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    Author(s): George P. Markin
    Date: 2008
    Source: In: Bonner, Franklin T.; Karrfalt, Robert P., eds. The Woody Plant Seed Manual. Agric. Handbook No. 727. Washington, DC. U.S. Department of Agriculture, Forest Service. p. 1140-1142.
    Publication Series: Agricultural Handbook
    Station: Washington Office
    PDF: View PDF  (216.0 KB)

    Description

    Gorse is a leafless, spined shrub introduced from western Europe. In its homeland, it grows 1 to 2 m tall and is primarily a nonaggressive invader of disturbed areas that is recognized as useful for wildlife protection, soil stabilization, and revegetation. It has also been cultivated as an ornamental and as forage for livestock, which feed on the soft, new growing shoots. Its major use in the past, however, was for hedgerows to contain livestock before barbed wire (Jobson and Thomas 1964). As a useful plant, European settlers carried gorse to many parts of the world where it quickly escaped from cultivation and formed aggressive feral populations. These feral plants grow 3 to 5 m tall in dense, spiny, impenetrable stands that exclude desirable vegetation in pasture lands (Hill 1983; Sandrey 1985) and, in open forests, interfere with reforestation and forest management (Balneaves and Zabkiewicz 1981; Zabkiewicz 1976). Gorse is presently recognized as one of the worst weeds in New Zealand, Chile, and Tasmania and is recognized as a weed in at least 15 other countries or island groups around the world (Holm and others 1979).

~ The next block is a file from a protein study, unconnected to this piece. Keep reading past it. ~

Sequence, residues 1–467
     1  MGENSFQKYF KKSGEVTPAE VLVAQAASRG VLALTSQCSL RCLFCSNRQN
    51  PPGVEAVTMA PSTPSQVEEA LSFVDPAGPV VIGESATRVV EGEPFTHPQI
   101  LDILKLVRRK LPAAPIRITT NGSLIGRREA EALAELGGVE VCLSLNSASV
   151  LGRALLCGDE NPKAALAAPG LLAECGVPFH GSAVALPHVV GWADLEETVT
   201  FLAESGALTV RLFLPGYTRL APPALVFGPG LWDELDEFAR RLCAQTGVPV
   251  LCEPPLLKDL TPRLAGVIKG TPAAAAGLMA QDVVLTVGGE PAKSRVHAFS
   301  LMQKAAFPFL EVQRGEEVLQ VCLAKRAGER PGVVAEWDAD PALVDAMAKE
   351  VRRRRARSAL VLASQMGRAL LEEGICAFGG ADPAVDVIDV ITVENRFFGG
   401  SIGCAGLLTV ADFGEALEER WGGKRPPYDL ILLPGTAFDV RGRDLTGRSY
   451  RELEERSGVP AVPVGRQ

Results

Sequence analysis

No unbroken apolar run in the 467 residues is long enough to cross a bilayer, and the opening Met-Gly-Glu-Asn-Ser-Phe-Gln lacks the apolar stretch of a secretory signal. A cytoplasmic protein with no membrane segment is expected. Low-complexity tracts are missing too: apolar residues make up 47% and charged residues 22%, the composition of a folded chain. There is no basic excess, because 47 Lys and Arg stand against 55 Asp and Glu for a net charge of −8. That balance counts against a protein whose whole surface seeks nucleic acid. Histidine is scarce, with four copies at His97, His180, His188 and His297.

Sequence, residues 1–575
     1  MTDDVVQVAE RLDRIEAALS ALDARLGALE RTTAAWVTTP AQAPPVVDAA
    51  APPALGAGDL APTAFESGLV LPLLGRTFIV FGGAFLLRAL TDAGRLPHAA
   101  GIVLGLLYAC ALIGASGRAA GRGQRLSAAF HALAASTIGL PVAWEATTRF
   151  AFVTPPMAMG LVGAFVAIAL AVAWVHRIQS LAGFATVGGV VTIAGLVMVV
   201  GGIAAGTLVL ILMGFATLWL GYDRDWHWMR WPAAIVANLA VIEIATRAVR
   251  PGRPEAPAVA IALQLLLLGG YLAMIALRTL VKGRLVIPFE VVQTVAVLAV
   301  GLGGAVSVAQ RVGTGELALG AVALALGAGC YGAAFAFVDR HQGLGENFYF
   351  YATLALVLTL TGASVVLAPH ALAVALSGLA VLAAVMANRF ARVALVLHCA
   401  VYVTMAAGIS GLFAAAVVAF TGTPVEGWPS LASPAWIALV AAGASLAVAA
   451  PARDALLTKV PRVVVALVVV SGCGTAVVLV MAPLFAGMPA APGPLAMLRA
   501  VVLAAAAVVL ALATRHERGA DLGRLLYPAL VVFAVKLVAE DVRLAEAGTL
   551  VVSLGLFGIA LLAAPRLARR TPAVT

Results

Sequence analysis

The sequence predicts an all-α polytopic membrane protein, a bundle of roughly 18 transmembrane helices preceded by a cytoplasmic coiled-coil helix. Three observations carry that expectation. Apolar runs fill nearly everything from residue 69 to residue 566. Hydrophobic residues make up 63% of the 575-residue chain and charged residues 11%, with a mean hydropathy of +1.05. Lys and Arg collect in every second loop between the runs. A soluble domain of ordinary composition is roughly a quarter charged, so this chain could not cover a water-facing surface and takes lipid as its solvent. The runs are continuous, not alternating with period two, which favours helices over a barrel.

Publication Notes

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    Citation

    Markin, George P. 2008. Ulex europaeus L.: common gorse. In: Bonner, Franklin T.; Karrfalt, Robert P., eds. The Woody Plant Seed Manual. Agric. Handbook No. 727. Washington, DC. U.S. Department of Agriculture, Forest Service. p. 1140-1142.

    Keywords

    Ulex europaeus L., common gorse

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